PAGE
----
Managing Containers as Services Demo
Introduction & Overview
Running a Basic Container
Finding and Managing Container Images
Performing Advanced Container Management
Attaching Persistent Storage to a Container
Managing Containers as Services
Review & Lab Session
This course covers a range of techniques to help you run your own containerized applications using Red Hat. Throughout this course, you will follow along with guided presentations from the Red Hat platform to get a first-hand understanding of how to run containers and manage your workflows using Red Hat.
- Learn the basics of setting up web servers and containers
- Understand how to find and manage containers
- Understand how to perform advanced container management
- Learn how to attach persistent storage to a container
- Learn how to manage containers as services
This course is ideal for anyone who wants to learn how to run containers with Red Hat.
To get the most out of this course, you should have a basic understanding of Red Hat and of how containers work.
Right now we are going to get our hands dirty, of course we are focusing on the guided exercise which is all about Managing Containers as Services and allow me to add this that this is one of the most relevant activities in this class. So, to get things kick-started, we're going to run the command lab containers-services start. Of course we need to make sure that we have our successes before proceeding. So, first up guys what we are going to do is make an ssh connection as student to servera, then we are going to elevate our privileges to that of the root user so, we use the sudo -i command. It's going to prompt us for the student user's password, of course that password is student. From there we are going to add a user and this is going to be the contsvc user. So, this is going to be the user account with which we are going to be running our containers as systemd units. Then we are going to give that user a password and I know this is bad form, I know that you can see the password on the command line but remember that is my intention, I want you to see that I am setting the password for that contsvc user to redhat. So, guys feel free to disconnect from that particular session because next we are going to make an ssh connection as the contsvc user to servera.
So, what we are now going to do is use the mkdir command and we are going to create a directory called .config/containers/ in our home directory and the reason for that is that the lab start script it created the registries.conf file which is below /tmp/containers-services so, this has got a reference to the registry that we are using in our classroom and that registry has got an image that we are going to be using to start a container from. So, all that we now need to do is in order for us to use that registry, we need to copy the file registries.conf from /tmp/containers- services to our home directory .config/containers. So, the next thing that we are going to do is create a directory that we are going to be using for persistent storage for our container. So, inside of your user's home directory create /webcontent/html/ and then we are going to create a simple index.html file with the text "Hello World" or in my case I just spotted my typo right now "Hello Word". So, yes I have redirected "Hello World" to webcontent/html/index.html. So, all that we now need to do is validate that we have the permissions that would facilitate access to that index.html file. So, use the ls -ld command against the webcontent/html directory, we want to make sure that other has read and execute. What we also want to do is make sure that for index.html other has the read permission. So, guys the next thing that we are going to do right now is use the podman login command and again I have got the username and password on screen that's part of my bash history. Typically I wouldn't do this in the real world however I want you to see that I am authenticating as the user admin with the password of redhat321 to registry.lab.example.com and of course it's from this registry that we are going to be downloading an image with which we are going to be using to start our container. So, let's go and fire up a container. So, over here podman run is being used with the d option. We are starting a detached container, the container is being named it's getting the name of myweb and we are doing port forwarding as well. So, we are taking port 8080 on the container host and we are forwarding it to the container port 8080. We are also doing a volume mount. So, over here we are saying -v and we're going to take the directory that we had just created that webcontent directory which is on the container host and we are mounting that inside of the container to /var/www and you could see that there's a colon and then an uppercase Z afterwards which sets the SELinux context of container-file-t on that directory.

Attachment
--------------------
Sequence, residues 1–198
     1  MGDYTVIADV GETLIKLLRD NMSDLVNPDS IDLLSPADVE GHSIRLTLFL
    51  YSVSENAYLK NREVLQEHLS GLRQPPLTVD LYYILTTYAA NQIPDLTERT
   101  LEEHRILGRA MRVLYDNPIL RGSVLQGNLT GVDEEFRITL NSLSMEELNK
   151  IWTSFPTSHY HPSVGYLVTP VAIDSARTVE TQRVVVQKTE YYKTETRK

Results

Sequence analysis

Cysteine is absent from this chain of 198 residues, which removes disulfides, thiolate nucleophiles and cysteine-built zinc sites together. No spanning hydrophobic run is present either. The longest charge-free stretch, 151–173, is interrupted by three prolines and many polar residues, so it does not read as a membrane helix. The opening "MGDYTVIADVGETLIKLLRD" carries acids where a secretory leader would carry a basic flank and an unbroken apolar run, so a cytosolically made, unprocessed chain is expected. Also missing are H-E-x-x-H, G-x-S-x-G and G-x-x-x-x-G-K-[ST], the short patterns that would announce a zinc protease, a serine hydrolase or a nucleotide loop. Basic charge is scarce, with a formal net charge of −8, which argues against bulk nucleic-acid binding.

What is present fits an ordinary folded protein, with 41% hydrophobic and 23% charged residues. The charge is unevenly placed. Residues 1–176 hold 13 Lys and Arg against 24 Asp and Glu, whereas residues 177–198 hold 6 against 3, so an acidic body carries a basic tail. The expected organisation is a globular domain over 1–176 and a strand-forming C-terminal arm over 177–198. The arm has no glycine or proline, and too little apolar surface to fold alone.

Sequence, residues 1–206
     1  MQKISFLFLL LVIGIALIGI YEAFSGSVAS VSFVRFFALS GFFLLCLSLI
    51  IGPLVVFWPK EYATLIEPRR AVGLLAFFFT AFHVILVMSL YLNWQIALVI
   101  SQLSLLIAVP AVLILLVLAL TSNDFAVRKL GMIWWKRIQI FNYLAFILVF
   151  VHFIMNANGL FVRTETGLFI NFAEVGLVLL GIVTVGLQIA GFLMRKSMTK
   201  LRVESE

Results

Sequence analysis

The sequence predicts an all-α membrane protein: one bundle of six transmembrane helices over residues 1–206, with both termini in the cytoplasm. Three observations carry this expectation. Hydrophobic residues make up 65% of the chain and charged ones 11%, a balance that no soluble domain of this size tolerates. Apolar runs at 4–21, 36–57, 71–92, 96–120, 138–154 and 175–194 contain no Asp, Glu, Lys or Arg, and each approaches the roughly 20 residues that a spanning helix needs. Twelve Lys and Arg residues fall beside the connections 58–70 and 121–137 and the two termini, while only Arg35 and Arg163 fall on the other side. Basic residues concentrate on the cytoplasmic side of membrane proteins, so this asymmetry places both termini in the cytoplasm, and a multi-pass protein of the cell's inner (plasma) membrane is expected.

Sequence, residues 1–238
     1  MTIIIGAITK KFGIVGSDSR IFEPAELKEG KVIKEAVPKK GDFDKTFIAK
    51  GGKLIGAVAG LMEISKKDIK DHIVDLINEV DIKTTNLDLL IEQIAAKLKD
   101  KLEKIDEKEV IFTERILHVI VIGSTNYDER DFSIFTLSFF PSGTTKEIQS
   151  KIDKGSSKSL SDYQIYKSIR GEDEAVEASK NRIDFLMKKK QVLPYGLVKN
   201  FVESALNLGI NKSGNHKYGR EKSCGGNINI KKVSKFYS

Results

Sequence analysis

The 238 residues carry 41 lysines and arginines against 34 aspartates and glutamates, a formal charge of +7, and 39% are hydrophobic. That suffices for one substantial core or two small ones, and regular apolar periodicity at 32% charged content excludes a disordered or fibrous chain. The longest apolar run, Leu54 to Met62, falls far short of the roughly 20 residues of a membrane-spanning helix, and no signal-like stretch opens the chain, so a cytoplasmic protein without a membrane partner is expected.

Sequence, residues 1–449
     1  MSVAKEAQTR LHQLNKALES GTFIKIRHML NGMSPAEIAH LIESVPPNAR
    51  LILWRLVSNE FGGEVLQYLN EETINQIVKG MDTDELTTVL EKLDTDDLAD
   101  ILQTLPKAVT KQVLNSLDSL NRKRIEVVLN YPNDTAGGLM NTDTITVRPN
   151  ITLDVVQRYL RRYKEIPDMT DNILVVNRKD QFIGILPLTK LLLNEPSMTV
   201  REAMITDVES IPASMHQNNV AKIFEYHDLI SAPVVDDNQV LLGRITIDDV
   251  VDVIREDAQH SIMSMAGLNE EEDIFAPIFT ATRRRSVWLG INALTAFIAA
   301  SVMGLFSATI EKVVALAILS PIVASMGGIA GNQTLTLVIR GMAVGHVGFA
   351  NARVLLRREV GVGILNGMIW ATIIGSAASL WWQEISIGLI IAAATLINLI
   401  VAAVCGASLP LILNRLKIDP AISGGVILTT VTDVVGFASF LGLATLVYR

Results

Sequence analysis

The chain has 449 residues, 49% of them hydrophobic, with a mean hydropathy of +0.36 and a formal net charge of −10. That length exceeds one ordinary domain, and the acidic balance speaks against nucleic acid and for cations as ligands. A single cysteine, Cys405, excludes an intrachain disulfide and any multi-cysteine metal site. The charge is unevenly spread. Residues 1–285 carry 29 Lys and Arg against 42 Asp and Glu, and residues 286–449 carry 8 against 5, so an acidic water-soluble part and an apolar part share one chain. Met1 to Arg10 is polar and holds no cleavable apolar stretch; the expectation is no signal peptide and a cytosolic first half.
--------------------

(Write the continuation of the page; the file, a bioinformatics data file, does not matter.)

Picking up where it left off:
The last argument of course is the image that we are going to be using for that particular container.
So, next what we are going to be doing is using the curl command against the localhost port 8080 and of course localhost port 8080 is being forwarded to my container 8080 and in my case I see "Hello Word" however you should see "Hello World" if you followed the instructions as the student guide recommends.
So, what we are next going to be doing is creating a directory to host our systemd unit files. So, mkdir -p inside of the home directory, we are creating .config/systemd/user so, that's going to be the directory that's going to hold our systemd unit files. So, let's change to that directory using the cd command and then from there we are going to use the podman generate command. So, we say podman generate systemd and now we have to reference an existing container, an already running container and that is why we named our container. So, in that case we say - - name myweb and now we say - - files otherwise what's going to happen is that it's going to generate the systemd content but it's going to write it to standard out. So, with the - - files it generates the files inside of the current directory and also we have - - new which tells the systemd service to create the container whenever the server starts and delete it whenever the server stops. So, now what we could do is in order to test this, we are going to use the podman stop command and we are going to stop the container called myweb. We are also going to be removing it and this is all going to be handled right now by systemd and again that is the use of the - - new. So, what I just want to do I know that the instruction is not inside of your student guides. However I didn't want to show you the contents of that container-myweb.service.